It wouldn’t be Halloween without mentioning the always popular Scream Street series, Book #7, Invasion of The Normals ($5.99, Candlewick, ages 8-10)by Tommy Donbavand available in paperback. As the first page professes, “The fiendish fun continues at www.screamstreet.com” so what are you waiting for kids? This is an ideal choice for reluctant readers with short chapters, imaginative illustrations and even free collectors’ cards inside the back cover! Take a walk down this street, but you’ve been warned! Something strange is going on and it could be NORMAL!
On Monday, October 8 and then again on Tuesday, October 9, 2012 we’re reviewing and/or briefly mentioning books that we’ve read recently then giving them away the following week! So **read both posts before entering. And guess what? If you LIKE us on Facebook and also send us your name and contact info in an email to Ronna.L.Mandel@gmail.com by midnight on Tuesday, October 16, 2012 you’ll be entered to win a prize package of all 11 books covered (worth a value of $153.77) just in time for Halloween!! Remember to write Halloween Book Giveaway in the subject line. **YOU MUST LIST ALL BOOKS COVERED IN THE 2 BLOGS as part of your entry eligibility so be sure to read the blog every day!! Click here now for more detailed rules. Good luck!
If you are in need of some good, ghoulish tales tonight and tomorrow, take a look at this roundup of recommended reads.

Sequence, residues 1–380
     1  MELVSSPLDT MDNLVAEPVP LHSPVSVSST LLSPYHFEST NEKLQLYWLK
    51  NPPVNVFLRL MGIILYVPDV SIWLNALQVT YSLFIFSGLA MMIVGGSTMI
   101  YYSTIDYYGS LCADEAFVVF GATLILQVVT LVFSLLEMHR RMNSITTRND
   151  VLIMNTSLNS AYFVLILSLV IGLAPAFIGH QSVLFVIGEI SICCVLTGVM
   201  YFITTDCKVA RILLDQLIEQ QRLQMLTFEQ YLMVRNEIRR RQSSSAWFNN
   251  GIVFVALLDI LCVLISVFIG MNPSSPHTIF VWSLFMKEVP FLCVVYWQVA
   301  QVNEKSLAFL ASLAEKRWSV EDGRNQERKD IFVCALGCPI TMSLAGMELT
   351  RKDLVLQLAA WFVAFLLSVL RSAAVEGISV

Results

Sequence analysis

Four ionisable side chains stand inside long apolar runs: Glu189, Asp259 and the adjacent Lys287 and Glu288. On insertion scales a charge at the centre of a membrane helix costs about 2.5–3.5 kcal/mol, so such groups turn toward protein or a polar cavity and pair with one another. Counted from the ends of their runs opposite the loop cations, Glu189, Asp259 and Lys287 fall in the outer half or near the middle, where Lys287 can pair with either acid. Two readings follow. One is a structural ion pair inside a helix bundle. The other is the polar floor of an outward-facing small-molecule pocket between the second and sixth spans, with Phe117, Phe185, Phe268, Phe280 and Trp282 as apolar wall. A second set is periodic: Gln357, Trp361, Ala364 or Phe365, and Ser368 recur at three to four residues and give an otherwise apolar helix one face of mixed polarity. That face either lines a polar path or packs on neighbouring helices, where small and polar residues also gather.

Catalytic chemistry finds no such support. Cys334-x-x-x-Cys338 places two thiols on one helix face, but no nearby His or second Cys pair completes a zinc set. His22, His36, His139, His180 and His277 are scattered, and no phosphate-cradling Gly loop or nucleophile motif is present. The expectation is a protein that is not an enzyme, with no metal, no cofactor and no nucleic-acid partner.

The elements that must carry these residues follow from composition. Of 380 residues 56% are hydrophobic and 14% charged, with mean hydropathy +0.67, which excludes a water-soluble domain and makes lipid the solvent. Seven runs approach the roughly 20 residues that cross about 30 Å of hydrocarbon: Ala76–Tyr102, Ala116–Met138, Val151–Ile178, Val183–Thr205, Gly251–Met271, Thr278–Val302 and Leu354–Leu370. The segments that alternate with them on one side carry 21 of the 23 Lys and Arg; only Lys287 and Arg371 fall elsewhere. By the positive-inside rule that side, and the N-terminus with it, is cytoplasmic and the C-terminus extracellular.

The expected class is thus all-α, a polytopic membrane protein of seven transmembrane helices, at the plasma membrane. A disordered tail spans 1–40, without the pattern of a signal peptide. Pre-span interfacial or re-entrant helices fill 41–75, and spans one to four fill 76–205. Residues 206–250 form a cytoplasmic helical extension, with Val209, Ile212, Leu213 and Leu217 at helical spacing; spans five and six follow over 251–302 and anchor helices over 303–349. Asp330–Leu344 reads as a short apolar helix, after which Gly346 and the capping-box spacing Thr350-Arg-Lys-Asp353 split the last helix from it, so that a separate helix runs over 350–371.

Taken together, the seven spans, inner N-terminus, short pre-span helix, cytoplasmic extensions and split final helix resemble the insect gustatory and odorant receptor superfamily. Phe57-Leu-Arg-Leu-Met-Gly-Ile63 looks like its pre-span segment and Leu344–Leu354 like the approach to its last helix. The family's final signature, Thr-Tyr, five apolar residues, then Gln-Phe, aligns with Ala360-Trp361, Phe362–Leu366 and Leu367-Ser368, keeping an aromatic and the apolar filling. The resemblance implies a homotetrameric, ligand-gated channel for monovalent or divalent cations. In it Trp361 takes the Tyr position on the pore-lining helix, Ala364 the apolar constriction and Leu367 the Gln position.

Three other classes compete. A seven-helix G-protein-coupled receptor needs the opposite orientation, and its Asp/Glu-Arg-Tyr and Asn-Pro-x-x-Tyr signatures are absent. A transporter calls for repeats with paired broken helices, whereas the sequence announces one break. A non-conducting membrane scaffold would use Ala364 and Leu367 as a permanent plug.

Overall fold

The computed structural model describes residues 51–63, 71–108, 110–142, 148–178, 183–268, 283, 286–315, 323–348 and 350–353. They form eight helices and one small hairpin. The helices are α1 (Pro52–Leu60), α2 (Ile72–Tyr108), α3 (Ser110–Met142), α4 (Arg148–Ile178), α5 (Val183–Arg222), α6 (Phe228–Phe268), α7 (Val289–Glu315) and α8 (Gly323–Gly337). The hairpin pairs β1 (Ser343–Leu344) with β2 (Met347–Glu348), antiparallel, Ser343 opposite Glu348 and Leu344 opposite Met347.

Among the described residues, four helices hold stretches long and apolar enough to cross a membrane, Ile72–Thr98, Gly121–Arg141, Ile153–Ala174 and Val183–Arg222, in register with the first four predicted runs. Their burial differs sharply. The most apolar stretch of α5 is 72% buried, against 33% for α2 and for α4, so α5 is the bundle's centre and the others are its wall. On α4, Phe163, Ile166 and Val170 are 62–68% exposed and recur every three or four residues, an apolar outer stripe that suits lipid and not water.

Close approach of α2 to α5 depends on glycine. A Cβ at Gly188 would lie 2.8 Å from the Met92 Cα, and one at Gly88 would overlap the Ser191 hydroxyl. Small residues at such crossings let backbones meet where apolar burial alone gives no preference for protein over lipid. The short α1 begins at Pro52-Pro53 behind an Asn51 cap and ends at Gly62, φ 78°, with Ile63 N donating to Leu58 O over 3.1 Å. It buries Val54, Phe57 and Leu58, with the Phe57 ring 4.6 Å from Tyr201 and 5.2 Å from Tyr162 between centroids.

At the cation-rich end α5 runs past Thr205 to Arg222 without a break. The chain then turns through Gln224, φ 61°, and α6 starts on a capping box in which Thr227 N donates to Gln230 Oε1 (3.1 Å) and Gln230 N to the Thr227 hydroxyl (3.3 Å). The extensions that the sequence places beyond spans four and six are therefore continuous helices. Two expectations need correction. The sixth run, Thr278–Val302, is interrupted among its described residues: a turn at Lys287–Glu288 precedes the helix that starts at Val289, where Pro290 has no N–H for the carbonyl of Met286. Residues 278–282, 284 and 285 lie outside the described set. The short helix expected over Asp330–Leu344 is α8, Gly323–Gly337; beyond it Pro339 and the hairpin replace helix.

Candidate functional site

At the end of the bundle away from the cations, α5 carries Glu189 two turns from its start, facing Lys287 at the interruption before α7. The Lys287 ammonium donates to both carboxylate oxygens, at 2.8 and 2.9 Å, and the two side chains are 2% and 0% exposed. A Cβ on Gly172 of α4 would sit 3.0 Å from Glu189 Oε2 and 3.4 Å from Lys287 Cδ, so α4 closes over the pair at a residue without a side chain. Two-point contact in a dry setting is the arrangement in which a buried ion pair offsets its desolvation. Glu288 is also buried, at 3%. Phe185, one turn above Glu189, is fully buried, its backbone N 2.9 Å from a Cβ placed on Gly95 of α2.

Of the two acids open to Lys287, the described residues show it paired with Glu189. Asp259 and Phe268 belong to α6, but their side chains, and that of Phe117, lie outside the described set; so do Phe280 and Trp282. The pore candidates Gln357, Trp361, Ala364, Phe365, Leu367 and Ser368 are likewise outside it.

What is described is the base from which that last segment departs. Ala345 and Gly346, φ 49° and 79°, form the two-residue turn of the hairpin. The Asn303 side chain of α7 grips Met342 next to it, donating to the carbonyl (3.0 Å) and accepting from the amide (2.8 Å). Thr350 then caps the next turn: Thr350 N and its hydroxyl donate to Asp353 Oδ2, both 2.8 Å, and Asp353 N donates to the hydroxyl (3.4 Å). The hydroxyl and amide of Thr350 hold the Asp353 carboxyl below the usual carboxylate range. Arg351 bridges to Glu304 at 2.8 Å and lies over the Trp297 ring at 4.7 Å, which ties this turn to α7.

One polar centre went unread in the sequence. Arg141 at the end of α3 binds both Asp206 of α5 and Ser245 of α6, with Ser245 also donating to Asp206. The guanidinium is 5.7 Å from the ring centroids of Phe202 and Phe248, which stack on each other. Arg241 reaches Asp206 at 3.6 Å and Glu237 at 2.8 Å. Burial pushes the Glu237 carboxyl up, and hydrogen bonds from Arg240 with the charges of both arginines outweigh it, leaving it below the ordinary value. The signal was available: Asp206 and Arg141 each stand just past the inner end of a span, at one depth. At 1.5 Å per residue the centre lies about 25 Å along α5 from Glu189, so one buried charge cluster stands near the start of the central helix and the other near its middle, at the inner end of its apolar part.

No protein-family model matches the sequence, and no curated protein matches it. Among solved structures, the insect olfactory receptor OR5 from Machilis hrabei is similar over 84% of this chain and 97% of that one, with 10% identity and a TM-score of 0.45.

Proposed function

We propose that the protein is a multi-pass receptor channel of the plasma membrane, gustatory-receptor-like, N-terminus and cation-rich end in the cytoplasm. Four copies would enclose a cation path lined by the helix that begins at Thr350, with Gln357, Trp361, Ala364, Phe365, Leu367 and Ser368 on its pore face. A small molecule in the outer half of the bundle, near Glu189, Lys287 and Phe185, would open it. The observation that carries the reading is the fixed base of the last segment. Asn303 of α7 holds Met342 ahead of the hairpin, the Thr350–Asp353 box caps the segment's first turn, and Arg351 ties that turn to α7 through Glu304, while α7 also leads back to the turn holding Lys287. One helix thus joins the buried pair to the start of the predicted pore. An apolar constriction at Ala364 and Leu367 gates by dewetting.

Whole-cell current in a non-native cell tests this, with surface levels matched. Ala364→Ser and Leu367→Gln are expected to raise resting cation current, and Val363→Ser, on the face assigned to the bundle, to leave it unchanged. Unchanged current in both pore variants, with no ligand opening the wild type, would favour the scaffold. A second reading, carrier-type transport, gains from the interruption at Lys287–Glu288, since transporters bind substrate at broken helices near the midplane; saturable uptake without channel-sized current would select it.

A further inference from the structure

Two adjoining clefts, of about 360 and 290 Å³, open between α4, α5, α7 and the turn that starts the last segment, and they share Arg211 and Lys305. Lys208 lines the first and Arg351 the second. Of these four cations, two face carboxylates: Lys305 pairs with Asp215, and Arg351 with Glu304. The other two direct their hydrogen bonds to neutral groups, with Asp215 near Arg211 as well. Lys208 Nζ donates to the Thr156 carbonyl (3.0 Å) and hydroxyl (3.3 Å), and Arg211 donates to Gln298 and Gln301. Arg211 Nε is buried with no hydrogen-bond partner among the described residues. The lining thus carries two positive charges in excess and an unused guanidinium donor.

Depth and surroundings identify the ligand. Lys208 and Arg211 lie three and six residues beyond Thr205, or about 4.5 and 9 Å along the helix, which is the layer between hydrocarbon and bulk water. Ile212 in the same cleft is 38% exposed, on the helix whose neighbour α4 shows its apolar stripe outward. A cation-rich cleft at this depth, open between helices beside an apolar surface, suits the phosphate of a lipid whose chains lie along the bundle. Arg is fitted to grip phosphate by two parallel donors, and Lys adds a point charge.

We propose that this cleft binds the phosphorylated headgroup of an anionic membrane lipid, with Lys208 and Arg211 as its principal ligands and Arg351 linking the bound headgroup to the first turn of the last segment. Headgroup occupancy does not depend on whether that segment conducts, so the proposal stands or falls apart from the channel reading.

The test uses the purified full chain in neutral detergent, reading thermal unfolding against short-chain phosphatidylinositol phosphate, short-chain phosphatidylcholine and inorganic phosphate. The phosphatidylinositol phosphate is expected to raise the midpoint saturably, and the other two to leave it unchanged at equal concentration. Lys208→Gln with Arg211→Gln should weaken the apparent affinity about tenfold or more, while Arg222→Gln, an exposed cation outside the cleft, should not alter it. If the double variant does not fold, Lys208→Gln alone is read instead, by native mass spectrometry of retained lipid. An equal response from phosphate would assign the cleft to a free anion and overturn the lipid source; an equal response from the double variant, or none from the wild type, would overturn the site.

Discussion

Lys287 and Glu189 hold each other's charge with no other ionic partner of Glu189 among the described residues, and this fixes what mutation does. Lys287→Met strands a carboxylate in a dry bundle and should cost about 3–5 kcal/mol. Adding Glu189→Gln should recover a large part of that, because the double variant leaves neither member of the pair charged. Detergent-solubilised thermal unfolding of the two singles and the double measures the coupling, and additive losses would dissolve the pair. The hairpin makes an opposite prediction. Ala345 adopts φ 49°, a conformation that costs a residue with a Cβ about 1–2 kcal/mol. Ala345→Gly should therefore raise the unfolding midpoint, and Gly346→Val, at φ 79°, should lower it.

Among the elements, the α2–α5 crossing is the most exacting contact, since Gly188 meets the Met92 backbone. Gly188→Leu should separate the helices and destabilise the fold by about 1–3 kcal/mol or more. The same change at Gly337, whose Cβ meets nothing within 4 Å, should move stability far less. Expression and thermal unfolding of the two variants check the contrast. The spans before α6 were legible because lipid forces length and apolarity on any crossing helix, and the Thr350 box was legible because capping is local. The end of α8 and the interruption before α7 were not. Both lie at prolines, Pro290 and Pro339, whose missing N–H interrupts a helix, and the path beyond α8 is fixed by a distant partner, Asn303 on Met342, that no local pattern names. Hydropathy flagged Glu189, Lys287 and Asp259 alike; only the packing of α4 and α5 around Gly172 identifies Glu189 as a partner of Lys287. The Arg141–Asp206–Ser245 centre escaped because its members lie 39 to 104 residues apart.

Sally’s Bones by MacKenzie Cadenhead ($6.99, Sourcebooks, ages 9-12) Substitute Creacher by Chris Gall ($16.99, Little, Brown, ages 4-8) Creepy Monsters, Sleepy Monsters: A Lullaby by Jane Yolen with illustrations by Kelly Murphy Pumpkin Trouble by Jan Thomas ($9.99, HarperCollins, ages 2-5) What’s in the Witch’s Kitchen by Nick Sharratt ($12.99, Candlewick Press, ages 3 and up) The Monstrous Book of Monsters by Libby Hamilton with illustrations by Jonny Duddle and Aleksei Bitskoff ($17,99, Templar Books, ages 5-8)
TICKLE MONSTER written by Josie Bissett and illustrated by Kevan J. Atteberry is reviewed today by Lindy Michaels of BookStar on Ventura Blvd. in Studio City.
Kids love the funny. Kids love the rhyming. Kids love the tickle! And TICKLE MONSTER has all these three ingredients plus truly silly and colorful illustrations. Actress and now terrific children’s author, Josie Bissett, has done a marvelous job tickling the senses of little ones.
“I came from the Planet Tickle, you see. I’m a monster, but not the kind you must flee. I’m the happiest, silliest, zaniest kind. My talent is tickling, I think you’ll soon find…”
And so begins Tickle Monster’s quest to tickle… “footsies and tum-tums and underarm-pitties!”
Now watch out all you mommies and daddies, because after reading this fabulous picture book, your kiddies will be tickling you silly!
Ages 2 to 6 and even beyond will get a tickle out of TICKLE MONSTER.
The very versatile Lindy Michaels aims to inspire young minds through children’s literature. Lindy owned L.A.’s first children’s bookshop, OF BOOKS AND SUCH (1972-1987) where she did storytelling, taught drama to children, had art and poetry contests and the like. According to Lindy, “It was truly a ‘land of enchantment.” She also spent years lecturing on realism in children’s literature at colleges in the state. For close to five years Lindy has worked for Studio City Barnes and Noble (BookStar) in the children’s section and does storytelling every Saturday at 10:30 a.m.